Committee looks at building configurations, school days, BOCES,
transportation, and incentive aid
The Community Advisory Committee had a packed
agenda for its July 6 meeting at Ilion Junior-Senior High School (view
PDF of the agenda). The group continued its discussion of building
configuration and began looking at the role of Herkimer BOCES, school
days and times, and transportation.
Another look at building configurations and other merger
The committee continued to wrestle with the
leadership teams' choice of building configurations. With a goal of
settling the issue, they broke into subcommittees and asked three separate
panels of superintendents, secondary principals, or elementary
principals questions. Following are samples of the questions:
How will the district select a building
The advisory committee will recommend a plan to the
new school board that is educationally sound, cost effective, fits
within existing building capacity, and is sensitive to transportation
issues. It will be up to the board of education to review the plan and
implement it or any other that its members feel is in the best
interest of the students and the community.
Will all of the proposed elementary buildings
accommodate pre-kindergarten classes?
Ilion is currently modifying Barringer Elementary
for pre-k classes. Herkimer currently has only one morning and one
afternoon pre-k class and might require some renovation. Mohawk and
Frankfort-Schuyler currently house pre-k classes.
How will the district ensure that elementary
students all learn the same material and are ready to move on to fifth
The district will need a curriculum coordinator to
be certain each year's content prepares students for the next.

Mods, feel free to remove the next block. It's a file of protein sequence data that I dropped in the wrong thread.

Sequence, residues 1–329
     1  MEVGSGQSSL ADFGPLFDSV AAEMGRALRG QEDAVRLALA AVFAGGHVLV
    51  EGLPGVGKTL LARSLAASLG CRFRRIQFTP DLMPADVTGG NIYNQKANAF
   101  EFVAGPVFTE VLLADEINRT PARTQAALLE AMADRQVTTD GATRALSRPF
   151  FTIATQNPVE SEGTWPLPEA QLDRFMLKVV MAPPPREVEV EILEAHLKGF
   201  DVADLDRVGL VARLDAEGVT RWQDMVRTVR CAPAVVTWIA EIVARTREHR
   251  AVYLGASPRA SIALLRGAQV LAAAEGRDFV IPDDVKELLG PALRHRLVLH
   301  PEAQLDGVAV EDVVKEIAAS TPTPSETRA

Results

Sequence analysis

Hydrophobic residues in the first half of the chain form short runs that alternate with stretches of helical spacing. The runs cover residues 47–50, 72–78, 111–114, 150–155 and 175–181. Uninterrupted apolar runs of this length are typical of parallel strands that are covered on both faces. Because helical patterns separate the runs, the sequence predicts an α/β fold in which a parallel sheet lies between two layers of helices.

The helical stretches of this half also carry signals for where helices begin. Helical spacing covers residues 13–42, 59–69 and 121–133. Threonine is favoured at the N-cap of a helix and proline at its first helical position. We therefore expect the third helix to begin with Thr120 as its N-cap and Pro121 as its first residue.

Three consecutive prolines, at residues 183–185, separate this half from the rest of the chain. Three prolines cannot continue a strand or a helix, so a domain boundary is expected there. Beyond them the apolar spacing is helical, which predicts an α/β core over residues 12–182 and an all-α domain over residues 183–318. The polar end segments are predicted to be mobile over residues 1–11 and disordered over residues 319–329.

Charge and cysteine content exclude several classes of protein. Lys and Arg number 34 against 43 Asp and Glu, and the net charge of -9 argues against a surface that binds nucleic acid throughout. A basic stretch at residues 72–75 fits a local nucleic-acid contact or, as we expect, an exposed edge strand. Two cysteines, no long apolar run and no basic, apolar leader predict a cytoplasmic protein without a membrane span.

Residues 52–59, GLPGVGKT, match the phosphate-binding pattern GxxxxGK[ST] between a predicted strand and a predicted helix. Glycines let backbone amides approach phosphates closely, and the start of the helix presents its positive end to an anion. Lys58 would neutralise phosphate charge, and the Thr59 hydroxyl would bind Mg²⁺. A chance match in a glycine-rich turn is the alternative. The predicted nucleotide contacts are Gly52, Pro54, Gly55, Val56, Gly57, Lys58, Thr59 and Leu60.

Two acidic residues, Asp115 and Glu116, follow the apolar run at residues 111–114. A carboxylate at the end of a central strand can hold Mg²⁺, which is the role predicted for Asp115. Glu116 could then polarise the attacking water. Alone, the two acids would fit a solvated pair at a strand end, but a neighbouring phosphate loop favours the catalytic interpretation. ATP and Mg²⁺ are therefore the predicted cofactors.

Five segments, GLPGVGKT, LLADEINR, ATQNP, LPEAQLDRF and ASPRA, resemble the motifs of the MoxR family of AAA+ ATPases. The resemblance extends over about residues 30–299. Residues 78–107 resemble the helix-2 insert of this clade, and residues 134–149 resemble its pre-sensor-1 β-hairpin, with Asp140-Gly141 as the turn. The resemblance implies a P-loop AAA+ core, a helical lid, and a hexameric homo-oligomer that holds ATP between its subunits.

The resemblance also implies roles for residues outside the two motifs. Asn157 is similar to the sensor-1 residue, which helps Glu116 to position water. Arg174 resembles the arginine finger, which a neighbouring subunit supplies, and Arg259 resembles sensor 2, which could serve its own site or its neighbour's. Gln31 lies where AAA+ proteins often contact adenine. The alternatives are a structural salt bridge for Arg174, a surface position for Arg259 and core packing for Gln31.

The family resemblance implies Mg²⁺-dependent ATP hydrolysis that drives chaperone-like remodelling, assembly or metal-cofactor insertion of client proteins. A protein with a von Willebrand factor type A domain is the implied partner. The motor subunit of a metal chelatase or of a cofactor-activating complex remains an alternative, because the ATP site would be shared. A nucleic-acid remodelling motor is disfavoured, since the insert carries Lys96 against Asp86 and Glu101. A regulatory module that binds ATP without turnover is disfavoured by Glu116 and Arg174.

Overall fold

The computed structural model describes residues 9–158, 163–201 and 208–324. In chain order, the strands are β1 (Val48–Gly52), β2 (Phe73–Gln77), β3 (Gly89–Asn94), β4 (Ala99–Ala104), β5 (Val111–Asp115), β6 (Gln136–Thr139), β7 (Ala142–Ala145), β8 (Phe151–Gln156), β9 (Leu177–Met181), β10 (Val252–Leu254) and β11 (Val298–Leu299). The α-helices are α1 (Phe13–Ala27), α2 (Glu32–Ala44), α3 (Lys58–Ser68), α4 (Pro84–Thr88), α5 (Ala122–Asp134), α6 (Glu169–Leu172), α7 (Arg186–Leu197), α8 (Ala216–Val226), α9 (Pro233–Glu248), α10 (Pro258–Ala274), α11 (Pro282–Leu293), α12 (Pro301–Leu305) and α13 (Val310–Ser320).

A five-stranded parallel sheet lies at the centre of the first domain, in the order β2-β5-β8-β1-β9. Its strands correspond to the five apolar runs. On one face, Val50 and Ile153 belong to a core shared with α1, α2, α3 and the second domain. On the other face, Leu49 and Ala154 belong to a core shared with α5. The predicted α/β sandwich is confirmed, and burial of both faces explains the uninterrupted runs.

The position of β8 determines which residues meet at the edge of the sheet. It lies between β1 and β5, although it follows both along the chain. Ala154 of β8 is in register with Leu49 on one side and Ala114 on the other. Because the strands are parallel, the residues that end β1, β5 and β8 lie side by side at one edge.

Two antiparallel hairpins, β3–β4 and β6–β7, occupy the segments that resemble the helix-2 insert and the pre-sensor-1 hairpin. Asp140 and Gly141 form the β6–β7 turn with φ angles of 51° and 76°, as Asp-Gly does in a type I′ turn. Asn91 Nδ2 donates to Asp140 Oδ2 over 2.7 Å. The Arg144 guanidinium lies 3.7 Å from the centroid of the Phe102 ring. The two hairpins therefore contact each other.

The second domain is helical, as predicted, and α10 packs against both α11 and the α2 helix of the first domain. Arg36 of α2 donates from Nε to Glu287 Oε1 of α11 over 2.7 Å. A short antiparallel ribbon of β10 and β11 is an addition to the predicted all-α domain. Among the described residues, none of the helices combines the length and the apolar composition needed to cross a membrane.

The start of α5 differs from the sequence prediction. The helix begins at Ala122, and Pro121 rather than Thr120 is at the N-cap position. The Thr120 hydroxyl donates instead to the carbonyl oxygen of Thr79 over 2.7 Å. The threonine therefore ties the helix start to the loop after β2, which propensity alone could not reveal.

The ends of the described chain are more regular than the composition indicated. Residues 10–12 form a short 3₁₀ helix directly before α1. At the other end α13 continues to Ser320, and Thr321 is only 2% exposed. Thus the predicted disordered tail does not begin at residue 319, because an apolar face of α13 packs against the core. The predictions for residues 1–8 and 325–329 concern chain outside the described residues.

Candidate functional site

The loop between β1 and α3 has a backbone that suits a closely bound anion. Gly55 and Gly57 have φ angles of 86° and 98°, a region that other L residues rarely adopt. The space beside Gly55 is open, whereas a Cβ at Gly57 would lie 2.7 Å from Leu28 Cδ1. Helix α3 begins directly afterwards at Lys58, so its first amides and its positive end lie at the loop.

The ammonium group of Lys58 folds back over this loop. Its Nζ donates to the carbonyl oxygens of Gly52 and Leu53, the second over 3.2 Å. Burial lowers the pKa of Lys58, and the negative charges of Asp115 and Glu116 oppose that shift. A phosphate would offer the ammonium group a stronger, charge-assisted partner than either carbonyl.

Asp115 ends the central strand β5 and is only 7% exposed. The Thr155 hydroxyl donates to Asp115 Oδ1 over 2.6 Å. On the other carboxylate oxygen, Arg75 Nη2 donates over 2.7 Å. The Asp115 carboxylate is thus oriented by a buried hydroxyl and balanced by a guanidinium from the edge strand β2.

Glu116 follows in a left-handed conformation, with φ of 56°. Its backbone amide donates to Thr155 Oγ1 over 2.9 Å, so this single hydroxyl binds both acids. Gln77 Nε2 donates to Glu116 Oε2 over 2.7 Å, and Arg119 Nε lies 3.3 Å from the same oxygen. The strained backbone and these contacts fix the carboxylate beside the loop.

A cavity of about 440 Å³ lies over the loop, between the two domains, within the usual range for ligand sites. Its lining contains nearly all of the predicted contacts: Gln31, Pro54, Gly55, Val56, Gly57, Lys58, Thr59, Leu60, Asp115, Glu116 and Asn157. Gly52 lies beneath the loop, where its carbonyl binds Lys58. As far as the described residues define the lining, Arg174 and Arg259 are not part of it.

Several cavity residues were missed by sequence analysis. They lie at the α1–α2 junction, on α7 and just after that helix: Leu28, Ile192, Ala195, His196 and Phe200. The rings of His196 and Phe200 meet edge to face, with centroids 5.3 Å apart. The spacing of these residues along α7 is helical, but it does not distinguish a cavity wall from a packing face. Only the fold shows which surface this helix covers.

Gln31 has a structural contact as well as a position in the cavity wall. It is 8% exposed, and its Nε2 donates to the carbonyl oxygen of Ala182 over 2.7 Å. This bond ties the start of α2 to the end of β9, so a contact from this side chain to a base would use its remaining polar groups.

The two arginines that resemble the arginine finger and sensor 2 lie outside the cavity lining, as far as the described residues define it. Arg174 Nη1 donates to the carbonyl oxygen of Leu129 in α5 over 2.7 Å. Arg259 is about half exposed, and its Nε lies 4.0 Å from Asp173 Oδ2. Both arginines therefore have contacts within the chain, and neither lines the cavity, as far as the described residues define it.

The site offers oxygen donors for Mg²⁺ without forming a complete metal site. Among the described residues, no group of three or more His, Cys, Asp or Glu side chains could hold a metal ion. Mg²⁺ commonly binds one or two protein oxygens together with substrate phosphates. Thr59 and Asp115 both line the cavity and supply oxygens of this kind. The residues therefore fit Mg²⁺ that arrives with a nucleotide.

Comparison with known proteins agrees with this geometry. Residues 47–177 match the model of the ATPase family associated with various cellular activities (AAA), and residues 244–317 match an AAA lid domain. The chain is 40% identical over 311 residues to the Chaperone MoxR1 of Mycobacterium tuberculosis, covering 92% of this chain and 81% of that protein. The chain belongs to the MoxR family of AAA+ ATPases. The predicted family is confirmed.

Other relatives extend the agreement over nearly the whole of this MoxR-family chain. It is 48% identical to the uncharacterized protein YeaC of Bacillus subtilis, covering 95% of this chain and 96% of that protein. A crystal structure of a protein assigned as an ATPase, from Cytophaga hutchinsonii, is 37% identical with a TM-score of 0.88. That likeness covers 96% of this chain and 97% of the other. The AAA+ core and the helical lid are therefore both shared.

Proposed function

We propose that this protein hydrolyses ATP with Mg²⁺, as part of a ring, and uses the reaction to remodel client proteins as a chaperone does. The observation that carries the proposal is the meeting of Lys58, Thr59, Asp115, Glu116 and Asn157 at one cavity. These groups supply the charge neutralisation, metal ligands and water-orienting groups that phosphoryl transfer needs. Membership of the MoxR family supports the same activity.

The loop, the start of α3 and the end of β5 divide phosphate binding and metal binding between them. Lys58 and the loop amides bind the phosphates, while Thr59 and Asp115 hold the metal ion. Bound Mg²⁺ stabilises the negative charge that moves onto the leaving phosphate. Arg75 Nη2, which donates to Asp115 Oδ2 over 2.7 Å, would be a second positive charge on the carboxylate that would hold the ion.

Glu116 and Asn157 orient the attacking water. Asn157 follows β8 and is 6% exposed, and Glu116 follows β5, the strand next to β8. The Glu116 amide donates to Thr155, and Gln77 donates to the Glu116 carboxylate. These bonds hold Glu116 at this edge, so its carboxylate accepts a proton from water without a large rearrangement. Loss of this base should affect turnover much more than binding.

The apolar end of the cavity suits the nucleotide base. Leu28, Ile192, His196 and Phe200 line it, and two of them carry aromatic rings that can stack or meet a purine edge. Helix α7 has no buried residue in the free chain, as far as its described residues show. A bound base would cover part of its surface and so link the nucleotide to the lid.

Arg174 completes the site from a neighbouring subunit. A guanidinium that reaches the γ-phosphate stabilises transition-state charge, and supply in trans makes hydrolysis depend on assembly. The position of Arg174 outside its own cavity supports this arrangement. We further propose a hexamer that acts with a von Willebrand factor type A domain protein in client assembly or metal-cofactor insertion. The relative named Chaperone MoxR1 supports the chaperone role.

Why not have two high schools to increase the
number of teams and broaden sports opportunities for students?
The school administrators noted the following
challenges to maintaining two high schools:
Splitting into two high schools might increase
the number of teams in some sports such as basketball, but
dividing the students would limit the expansion of new sports such
as lacrosse or skiing.
Separate high schools would mean that students
attend elementary school in their home communities, join together
for grades 5-8, then split apart again for high school—an option
no one supports.
Separate high schools would require the
district to divert resources to duplicate programs in each
building. That would reduce efficiency, raise costs, and ultimately
limit the range of programs the schools could offer.
Will the Ilion auditorium house all high
No, the auditorium has a capacity of 625 people. It
could host any class level event. Large scale events would be held in
Why create a school for fifth and sixth grade?
Why not leave fifth grade with elementary and sixth grade with middle
The needs of children in this age group are very
different from those of elementary and junior high students. A grades
5-6 building would allow the district to develop academic and social
programs to meet age specific needs. For example, health classes or
lessons in cybersecurity could be tailored to cover the topics most
relevant to 10- and 11-year-olds. This configuration would better
allow the school to focus students on a smooth transition as they
prepare for junior high.
Combining just two years of students in one
building also opens the doors to different teaching models such as
traditional separate classrooms (as in elementary school), one course
per room (as in junior high school), team teaching, or even one
teacher who stays with one class for two years. Another possibility
might be project-based instruction in which students work together
across all disciplines (math, language arts, science, social studies,
foreign language and the arts) to complete a large project.
Project-based lessons more closely imitate the type of work people do
in the 21st century. As one superintendent stated, "We can no longer
prepare students for a 21st century workplace running a 19th century
Would it be possible to keep the single
grade 5-6 and single grade 7-8 plan, but switch buildings?
The leadership team's preferred plan would use
Frankfort-Schuyler's secondary school for the proposed grades 5-6
building and Herkimer's secondary school for grades 7-8. CAC members
suggested switching schools noting: